Why Your Thinking Style Matters in Times of Uncertainty?
by - Alan Caugant, CEO SUPERHUMAIN™
Most of us have heard at some point in our lives that we’re either right-brain or left-brain thinkers. Although the two sides function differently, they work together and complement each other. Maybe you’ve even taken a quiz to find your true thinking type. But what you might not have been taught is that knowing the difference between thinking styles matters more than you think, especially when it comes to finding success and fulfillment in your career and personal life.
Neuroleadership research has led to an understanding that each of us has a preferred way and mode of thinking that affects the way we take in and process information. The awareness of one’s thinking preferences and the thinking preferences of others, combined with the ability to act outside of one’s preferred thinking preferences is known as “Symbiotic Brain”.
In our current time of VUCAD (volatility,uncertainty,complexity, ambiguity and diversity), we need to be able to trust and rely on our own innate skills and abilities more than ever before. We spend enough time weighing the choices in our daily lives that have become complicated by COVID. Knowing your thinking style can help you make sense of how you rationalize, discover what energizes and fulfills you, and perhaps most importantly, how to achieve a higher quality of life simply by being yourself.
What are the Different Thinking Styles?
There are two ways to approach finding your thinking style: the left-brain or right-brain breakdown,or a deeper-level examination of the five thinking styles recognized by psychologists. Let’s review both:
If you’re a left-brain thinker, you’ve probably been referred to as a deep-thinker more than once. You’re a numbers person fueled by data, logic, processes, and fine details. It’s not surprising for left-brainers to operate from lists and compile things into charts and graphs. Common professions that actually fulfill left-brainers include accountants, engineers, scientists, legal experts, and medical professionals.
If you lean toward the right brain, you’re most likely a creative type. You have a vision and want to run with it. You usually communicate well and operate based on feelings, gut instinct, and the current vibe of a situation. You might not be the most punctual person, but you can make up missed minutes with loads of ideas, inspiration, and overall value. You tend to think outside the box, which is usually where you find your best ideas, even if they seem a little unorthodox to others. Common professions include entrepreneurship, design, music, writing, marketinginterior decorating, or anything that gives you creative freedom.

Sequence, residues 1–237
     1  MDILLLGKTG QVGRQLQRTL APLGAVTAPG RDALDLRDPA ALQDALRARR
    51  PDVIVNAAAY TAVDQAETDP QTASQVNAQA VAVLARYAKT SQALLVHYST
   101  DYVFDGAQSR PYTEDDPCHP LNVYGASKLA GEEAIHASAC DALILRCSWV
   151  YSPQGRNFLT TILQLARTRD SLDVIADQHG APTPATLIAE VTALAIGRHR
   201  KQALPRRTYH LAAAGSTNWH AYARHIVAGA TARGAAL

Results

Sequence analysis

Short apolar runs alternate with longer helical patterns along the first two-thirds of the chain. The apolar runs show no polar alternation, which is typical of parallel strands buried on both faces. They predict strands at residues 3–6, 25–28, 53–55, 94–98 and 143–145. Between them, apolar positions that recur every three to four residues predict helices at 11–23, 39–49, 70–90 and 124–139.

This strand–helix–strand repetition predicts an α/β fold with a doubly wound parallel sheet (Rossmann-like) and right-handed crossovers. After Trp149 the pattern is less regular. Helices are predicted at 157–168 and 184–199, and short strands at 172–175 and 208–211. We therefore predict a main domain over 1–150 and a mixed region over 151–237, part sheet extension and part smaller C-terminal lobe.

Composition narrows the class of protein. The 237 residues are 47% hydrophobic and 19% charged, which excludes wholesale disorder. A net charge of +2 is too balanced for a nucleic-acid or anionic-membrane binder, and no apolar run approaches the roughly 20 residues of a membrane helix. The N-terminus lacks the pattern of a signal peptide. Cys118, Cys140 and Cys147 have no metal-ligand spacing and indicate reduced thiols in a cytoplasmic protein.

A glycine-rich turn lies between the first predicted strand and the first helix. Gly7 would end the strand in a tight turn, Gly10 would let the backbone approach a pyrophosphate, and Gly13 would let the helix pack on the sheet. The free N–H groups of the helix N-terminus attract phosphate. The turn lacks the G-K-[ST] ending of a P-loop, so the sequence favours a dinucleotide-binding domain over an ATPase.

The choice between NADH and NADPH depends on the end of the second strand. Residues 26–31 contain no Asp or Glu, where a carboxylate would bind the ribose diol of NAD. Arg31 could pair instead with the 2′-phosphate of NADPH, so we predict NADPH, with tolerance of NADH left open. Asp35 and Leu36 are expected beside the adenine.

Both right-brain and left-brain thinkers may be able to further dial down into one of these five unique thinking styles:
A synthesist is a creative thinker, usually fueled by the inspiration around them. They’re curious and creative and may be obsessed with the abstract. They’re quick to provide opposing views and can come off as combative, so it’s best to hear others’ ideas before presenting your own unique alternatives.
You have a vision of what a perfect life or career should be like, and you’re ready to go after it. Idealists are excellent at setting goals and putting those goals into motion. They see the big picture and are future-oriented. This is often to a fault, though, as idealists are rare breeds and find it hard to gain others’ buy-in. Most people cannot step up to the standards and expectations of an idealist, so most often, idealists are forced to tone down their aspirations if they need the help of others.
a methodical approach to just about everything. They’re more short-term thinkers and doers that aren’t overly concerned with the big picture. Pragmatists and idealists are almost like yin and yang in that they help to balance in each others’ strengths and weaknesses. yin and yang puisqu’ils contribuent à équilibrer les forces et les faiblesses de chacun.
Analysts are also methodical thinkers, but they tend to take more time moving into action than pragmatists. This is because they want to collect all the facts and think about them before moving forward. They tend to outline procedures prior to beginning work, and as a result, they often have a one-track mind that doesn’t allow other ideas to influence them.